Why is the dual of the Sobolev space $H_0^1(\Omega)$ denoted $H^{-1}(\Omega)$ ?

For a positive integer $k$, $H^k(\Omega)=W^{k,2}(\Omega)$. What is the motivation behind the $-1$ exponent?

  • 3
    $\begingroup$ I think the answer comes from Sobolev of real exponent, defined with Fourier transform. $\endgroup$ – Davide Giraudo Apr 20 '12 at 19:38

Definition Let $s\in\mathbb R$. $H^s(\mathbb R^n)$ is the vector space which consists of elements $u\in\mathcal S'(\mathbb R^n)$ such that $\widehat u$ is measurable and $(1+|\xi|^2)^{\frac s2}\widehat u \in L^2(\mathbb R^n)$. We endow $H^s(\mathbb R^n)$ with the inner product \begin{equation} \langle u,v\rangle_{H^s(\mathbb R^n)}:=\int_{\mathbb R^n}(1+|\xi|^2)^s\widehat u(\xi) \overline{\widehat v (\xi)}d\xi \end{equation} and we denote
\begin{equation} \lVert u\rVert_{H^s(\mathbb R^n)} :=\left(\int_{\mathbb R^n}(1+|\xi|^2)^s|\widehat u(\xi)|^2d\xi \right)^{\frac 12} \end{equation} the corresponding norm.

Let $s\in \mathbb R$ and $v\in H^{-s}(\mathbb R^n)$. If $u\in H^s(\mathbb R^n)$, the map $\xi\mapsto \widehat u(\xi)\widehat v(-\xi)$ is in $L^1(\mathbb R^n)$.

Indeed, for all $\xi\in \mathbb R^n$, $\widehat u(\xi)\widehat v(-\xi)=\widehat u(\xi) (1+|\xi|^2)^{\frac s2}\widehat v(-\xi)(1+|\xi|^2)^{-\frac s2}$, and the RHS is the product of two map of $L^2(\mathbb R^n)$. By Cauchy-Schwarz inequality, we have
$$\left|\int_{\mathbb R^n}\widehat u(\xi)\widehat v(-\xi)d\xi\right|\leq \lVert u\rVert_{H^s(\mathbb R^n)} \lVert v\rVert_{H^{-s}(\mathbb R^n)}.$$ Therefore, if $v\in H^{-s}(\mathbb R^n)$, the map $L_v$ defined by \begin{equation} u\in H^s(\mathbb R^n)\mapsto L_v(u)=(2\pi)^{-n}\int_{\mathbb R^n}\widehat u(\xi)\widehat v(-\xi)d\xi =\int_{\mathbb R^n}\widehat u(\xi)\overline{\mathcal F}v(\xi)d\xi \end{equation} is a continuous linear functional on $H^s(\mathbb R^n)$ (hence an element of $(H^s(\mathbb R^n))'$ and $\lVert L_v\rVert _{(H^s(\mathbb R^n))'}\leq (2\pi)^{-n}\lVert v\rVert_{H^{-s}(\mathbb R^n)}$. We can define $L\colon H^{-s}(\mathbb R^n)\to (H^s(\mathbb R^n))'$ by $L(v)=L_v$.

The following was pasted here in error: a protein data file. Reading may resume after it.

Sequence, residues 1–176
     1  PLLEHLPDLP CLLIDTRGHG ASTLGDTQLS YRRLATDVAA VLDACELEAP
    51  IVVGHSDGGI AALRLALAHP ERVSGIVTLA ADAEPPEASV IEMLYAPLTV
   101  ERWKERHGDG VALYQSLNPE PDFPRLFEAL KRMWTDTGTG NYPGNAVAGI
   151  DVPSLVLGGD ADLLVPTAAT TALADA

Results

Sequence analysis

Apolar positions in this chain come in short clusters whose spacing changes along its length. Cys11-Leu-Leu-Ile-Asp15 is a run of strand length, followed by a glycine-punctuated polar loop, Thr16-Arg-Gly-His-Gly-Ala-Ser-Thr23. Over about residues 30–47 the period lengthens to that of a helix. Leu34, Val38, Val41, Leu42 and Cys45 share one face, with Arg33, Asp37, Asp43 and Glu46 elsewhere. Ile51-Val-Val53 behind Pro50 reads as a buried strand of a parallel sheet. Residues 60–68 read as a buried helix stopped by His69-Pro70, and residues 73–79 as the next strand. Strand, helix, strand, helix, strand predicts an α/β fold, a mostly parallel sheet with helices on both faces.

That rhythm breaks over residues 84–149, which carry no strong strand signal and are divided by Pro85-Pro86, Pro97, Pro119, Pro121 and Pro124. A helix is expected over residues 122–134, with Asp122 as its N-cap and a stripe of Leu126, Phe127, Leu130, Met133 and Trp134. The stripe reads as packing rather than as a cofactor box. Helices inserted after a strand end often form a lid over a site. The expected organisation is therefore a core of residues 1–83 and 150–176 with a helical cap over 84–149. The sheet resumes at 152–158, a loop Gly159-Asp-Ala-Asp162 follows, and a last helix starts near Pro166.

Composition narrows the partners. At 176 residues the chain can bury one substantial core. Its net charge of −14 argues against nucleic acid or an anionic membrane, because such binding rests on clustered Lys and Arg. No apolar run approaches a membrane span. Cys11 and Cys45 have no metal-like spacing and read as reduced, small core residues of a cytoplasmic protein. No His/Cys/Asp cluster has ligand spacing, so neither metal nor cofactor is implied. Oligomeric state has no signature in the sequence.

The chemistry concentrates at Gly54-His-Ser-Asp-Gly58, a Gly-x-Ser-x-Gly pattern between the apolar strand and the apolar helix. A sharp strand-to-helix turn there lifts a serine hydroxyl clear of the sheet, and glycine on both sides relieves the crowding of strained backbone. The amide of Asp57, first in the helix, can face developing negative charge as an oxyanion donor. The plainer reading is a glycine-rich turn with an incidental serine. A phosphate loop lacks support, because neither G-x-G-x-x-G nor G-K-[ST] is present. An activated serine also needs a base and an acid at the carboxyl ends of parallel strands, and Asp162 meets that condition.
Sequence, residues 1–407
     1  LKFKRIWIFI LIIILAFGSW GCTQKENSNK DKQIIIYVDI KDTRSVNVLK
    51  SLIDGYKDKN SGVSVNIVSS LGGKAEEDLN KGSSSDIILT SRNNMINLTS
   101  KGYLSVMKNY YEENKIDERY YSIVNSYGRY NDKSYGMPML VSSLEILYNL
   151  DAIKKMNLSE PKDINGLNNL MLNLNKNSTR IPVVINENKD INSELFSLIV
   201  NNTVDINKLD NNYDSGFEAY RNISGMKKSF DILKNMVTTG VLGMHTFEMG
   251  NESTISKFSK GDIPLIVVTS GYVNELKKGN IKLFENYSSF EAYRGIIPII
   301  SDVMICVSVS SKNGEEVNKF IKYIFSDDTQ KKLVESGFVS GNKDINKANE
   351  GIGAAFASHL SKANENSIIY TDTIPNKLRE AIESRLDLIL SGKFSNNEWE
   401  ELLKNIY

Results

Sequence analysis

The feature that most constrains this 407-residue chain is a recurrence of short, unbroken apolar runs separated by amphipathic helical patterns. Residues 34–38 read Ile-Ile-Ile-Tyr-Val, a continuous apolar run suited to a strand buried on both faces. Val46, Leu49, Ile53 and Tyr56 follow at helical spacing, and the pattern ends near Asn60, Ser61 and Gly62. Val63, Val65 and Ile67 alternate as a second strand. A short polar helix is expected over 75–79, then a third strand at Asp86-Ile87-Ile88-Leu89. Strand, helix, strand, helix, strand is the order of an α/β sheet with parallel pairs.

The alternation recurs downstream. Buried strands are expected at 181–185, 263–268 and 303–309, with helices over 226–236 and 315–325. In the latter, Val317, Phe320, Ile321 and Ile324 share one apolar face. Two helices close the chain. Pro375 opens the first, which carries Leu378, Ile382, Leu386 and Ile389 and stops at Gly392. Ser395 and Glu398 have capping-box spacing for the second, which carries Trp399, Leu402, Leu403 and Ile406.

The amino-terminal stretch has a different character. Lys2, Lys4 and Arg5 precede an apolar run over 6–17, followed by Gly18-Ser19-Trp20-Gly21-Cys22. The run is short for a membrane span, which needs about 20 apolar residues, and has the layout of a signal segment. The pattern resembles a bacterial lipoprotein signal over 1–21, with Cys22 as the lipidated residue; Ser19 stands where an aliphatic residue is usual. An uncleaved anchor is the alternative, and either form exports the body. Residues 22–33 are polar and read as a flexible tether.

Theorem The map $L$ defined above is linear, bijective, and bicontinuous. It allow us to indentify the dual space of $H^s(\mathbb R^n)$ by $H^{-s}(\mathbb R^n)$.

Sketch of proof:

  • The fact that $L$ is linear comes from linearity of the inverse Fourier transform and the integral. Continuity follows from $\lVert L_v\rVert _{(H^s(\mathbb R^n))'}\leq (2\pi)^{-n}\lVert v\rVert_{H^{-s}(\mathbb R^n)}$.
  • $L$ is surjective. Indeed, let $T\in (H^s(\mathbb R^n))'$. We can show that there exists a constant $C$ such that for all $\varphi\in \mathcal S(\mathbb R^n)$ $$|\langle T,\varphi\rangle|\leq C\lVert (1+|\xi|^2)^{s/2}\mathcal F^{-1}\varphi\rVert_{L^2(\mathbb R^n)}.$$ We can see that $(1+|\xi|^2)^{-s/2}\widehat T$ is a linear functional over $L^2(\mathbb R^n)$ and we apply Riesz representation theorem.
  • Injectivity needs only the property $\mathcal F^{-1}\mathcal F(\varphi)=\varphi$ for all $\varphi\in\mathcal S(\mathbb R^n)$.
  • The inverse map is continuous using Banach isomorphism theorem.

When $\Omega$ is a arbitrary open subset of $\mathbb R^n$ we have to use charts (and $\Omega$ needs to be regular enough, since the Sobolev of integer order, defined in a classical way may be not equal to the corresponding one, even if $\Omega$ is bounded), but at least it shows the idea.

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  • $\begingroup$ Dear Sir, OP asked about why dual space of $H_0^1(\Omega)$ is $H^{-1}(\Omega)$. I could not see where do you have used fact that $u\in H_0^1(\Omega)$. Please throw some light on that . Thanks a lot $\endgroup$ – idon'tknow Sep 12 at 6:44

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